In the investment world, taxes are the price you pay for success. And sometimes that success — and accompanying tax bill — come as a total surprise.
That’s the predicament mutual fund shareholders may find themselves in when the books are closed on a turbulent market. Fund managers sell assets throughout the year, passing along a portion of any gain from those sales to the individual shareholders as capital gains distributions. That means the shareholders owe the Internal Revenue Service even though their fund’s overall value may have dropped in a chaotic market.
Similarly, savvy investors who picked a hot stock and cashed in on it also will have to share a portion of their new money with Uncle Sam.
But there is a silver lining for long-term investors. While they can’t avoid taxes on stock gains, those who buckle into the market roller coaster for an extended ride will find their patience can offer them a lower tax bill.
Special tax rates for some gains
Regular income is divided over six tax brackets, with the 2003 rates ranging from 5 percent to 35 percent. Even though tax law changes will fractionally cut those rates more in coming years, most investment-holding taxpayers still will get bigger breaks by paying at capital gains rates.
Capital gains from stocks that are held more than a year are taxed at a maximum 15 percent rate, thanks to law changes enacted in May 2003. And the rate is just 5 percent if your total income is in the 15 percent bracket.
But this is the government, so there’s a catch: The lower capital gains tax rate applies to long-term capital gains. This means you must hold your investments for more than a year before selling. If you sell earlier, any gain is classified as short-term and is taxed at the regular income rates.
Remember, the cut-off is more than a year. If you sell on the 365 th day, any gain is short-term. So when you’re contemplating selling, keep an eye on the calendar. If you determine you can wait to sell without hurting your holdings’ overall value, then do so. But don’t ever hold onto a stock that you think might nosedive just to avoid paying short-term capital gains taxes.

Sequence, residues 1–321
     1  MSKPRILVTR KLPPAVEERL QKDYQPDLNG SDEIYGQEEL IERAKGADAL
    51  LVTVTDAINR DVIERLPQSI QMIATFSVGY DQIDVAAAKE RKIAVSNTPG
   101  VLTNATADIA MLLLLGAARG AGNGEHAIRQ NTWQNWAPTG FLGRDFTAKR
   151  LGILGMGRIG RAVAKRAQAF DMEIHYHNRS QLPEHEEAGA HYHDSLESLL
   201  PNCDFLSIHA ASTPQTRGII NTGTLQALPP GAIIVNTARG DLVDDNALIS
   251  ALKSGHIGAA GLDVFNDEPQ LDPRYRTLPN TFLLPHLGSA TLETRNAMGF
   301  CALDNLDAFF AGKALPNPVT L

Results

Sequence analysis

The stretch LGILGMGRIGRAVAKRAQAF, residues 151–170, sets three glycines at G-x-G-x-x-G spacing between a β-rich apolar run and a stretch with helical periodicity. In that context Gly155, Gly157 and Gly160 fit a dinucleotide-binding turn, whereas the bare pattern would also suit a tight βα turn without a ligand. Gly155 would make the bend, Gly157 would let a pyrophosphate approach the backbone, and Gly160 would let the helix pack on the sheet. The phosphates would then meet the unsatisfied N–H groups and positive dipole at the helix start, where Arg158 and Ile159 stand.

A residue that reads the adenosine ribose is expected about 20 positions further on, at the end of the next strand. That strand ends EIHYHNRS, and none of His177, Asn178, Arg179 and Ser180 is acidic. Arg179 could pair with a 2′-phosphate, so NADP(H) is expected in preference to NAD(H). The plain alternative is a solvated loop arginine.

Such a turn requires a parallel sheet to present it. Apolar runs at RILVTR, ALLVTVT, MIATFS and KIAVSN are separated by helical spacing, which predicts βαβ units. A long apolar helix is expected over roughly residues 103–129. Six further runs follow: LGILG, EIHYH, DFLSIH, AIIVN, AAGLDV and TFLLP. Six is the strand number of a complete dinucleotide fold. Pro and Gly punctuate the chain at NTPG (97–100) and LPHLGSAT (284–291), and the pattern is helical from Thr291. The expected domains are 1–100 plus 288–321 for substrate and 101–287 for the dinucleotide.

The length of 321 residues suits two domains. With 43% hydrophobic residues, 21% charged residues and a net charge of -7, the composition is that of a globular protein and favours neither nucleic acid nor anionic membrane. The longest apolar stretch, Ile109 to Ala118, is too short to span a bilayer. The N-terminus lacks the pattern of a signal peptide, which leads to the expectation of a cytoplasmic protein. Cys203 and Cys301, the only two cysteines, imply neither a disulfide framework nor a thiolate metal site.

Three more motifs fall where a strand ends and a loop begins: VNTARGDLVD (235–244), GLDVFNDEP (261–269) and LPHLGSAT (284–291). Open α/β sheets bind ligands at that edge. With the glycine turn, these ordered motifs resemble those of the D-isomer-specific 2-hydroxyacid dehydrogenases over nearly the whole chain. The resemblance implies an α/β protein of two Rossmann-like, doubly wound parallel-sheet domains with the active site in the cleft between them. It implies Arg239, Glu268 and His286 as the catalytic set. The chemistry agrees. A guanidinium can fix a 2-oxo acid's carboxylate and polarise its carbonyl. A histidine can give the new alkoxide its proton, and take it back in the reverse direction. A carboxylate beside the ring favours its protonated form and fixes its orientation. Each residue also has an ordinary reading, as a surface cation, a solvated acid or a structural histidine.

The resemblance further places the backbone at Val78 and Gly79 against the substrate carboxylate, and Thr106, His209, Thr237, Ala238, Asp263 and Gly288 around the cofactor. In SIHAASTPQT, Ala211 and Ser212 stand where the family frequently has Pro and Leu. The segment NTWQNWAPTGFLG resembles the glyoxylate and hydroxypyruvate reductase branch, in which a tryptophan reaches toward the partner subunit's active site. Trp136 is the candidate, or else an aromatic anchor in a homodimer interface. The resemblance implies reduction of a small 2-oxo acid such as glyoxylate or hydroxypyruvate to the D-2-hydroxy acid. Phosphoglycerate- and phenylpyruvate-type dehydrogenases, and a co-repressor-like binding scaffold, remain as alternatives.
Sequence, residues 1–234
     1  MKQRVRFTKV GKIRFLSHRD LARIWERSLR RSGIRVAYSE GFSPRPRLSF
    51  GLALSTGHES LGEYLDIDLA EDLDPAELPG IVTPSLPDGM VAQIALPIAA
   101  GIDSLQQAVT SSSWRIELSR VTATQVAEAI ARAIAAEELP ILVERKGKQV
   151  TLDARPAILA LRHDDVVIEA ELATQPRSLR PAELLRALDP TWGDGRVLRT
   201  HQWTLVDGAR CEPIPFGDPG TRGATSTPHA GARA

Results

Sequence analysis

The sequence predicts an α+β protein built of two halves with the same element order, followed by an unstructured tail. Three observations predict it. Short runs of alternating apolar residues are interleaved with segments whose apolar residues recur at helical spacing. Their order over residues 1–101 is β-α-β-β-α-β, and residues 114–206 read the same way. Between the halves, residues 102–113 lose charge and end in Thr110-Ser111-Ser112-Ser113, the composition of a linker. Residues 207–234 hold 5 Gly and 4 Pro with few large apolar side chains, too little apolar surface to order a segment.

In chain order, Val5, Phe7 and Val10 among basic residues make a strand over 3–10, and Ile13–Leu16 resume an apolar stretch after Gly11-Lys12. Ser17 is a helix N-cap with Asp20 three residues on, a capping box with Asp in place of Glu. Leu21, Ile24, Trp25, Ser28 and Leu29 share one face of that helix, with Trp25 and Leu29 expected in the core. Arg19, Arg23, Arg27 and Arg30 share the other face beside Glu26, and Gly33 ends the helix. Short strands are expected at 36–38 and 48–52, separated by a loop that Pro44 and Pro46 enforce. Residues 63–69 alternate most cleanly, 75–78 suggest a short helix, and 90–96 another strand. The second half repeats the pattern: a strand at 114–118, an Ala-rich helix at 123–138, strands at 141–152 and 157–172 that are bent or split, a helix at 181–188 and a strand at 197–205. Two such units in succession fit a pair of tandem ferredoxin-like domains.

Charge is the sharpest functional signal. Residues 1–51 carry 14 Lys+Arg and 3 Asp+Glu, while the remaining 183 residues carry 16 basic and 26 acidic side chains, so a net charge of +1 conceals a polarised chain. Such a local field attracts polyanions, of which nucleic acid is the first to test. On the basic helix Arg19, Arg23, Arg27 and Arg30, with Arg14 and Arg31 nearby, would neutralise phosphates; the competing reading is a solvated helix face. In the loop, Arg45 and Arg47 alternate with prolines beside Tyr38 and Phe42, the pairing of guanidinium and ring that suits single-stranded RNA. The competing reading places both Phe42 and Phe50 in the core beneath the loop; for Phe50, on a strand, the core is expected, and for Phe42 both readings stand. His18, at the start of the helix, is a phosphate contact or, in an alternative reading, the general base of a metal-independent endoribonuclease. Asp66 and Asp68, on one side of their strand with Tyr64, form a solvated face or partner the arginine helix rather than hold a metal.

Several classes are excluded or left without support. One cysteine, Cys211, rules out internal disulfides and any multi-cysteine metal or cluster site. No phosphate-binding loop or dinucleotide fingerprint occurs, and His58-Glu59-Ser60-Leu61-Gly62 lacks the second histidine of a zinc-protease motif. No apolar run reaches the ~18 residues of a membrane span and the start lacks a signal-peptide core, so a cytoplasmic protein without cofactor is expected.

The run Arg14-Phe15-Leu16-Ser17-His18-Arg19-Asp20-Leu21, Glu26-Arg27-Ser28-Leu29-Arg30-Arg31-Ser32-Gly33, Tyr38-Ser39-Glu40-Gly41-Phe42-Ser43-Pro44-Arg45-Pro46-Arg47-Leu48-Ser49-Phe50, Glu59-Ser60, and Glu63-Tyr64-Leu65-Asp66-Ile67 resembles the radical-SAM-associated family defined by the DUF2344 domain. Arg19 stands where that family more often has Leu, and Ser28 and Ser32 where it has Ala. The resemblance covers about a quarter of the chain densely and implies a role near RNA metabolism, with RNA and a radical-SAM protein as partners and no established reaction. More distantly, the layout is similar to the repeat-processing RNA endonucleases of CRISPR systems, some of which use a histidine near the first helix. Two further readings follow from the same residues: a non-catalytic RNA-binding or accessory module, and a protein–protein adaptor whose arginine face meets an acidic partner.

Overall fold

When you do cash in that hot stock, for either a long- or short-term gain, you pay for your success by filing a Schedule D along with Form 1040.
Losing timing control
With an individual stock, you decide when you buy and sell, giving you some control over the stock’s tax implications. But with mutual funds, some assets are sold throughout the year and a portion of any gain is then passed along to you, the shareholder, as a capital gains distribution. For most funds, the largest distribution to fund holders comes at the end of the year. It doesn’t matter whether you get a check for these distributions or re-invest them in the fund; they still are taxable.
The IRS considers capital gain distributions as long-term and gives them more favorable tax treatment, but that doesn’t totally ease the pain when the taxable amount is unexpectedly large. Such was the case for many investors during the bull markets of a few years ago. One shareholder, for example, found that his mutual fund portfolio then produced distributions totaling more than $25,000.
The good news: He bragged about his fund-picking prowess. The bad news: He had to pay taxes on the unexpected windfall. While paying the lower long-term capital gains rate was certainly better than forking over a chunk of the earnings at the regular income clip, it still caused a substantial dent in the old wallet.
Fund moves are tax sales
If there’s a gain associated with this fund shift, it’s taxable at either the short- or long-term rates (or a combination of both) depending on when you bought the first fund shares.
So pay attention to your funds and all your portfolio management actions throughout the year. This will give you time to prepare for or ease any impending tax burden.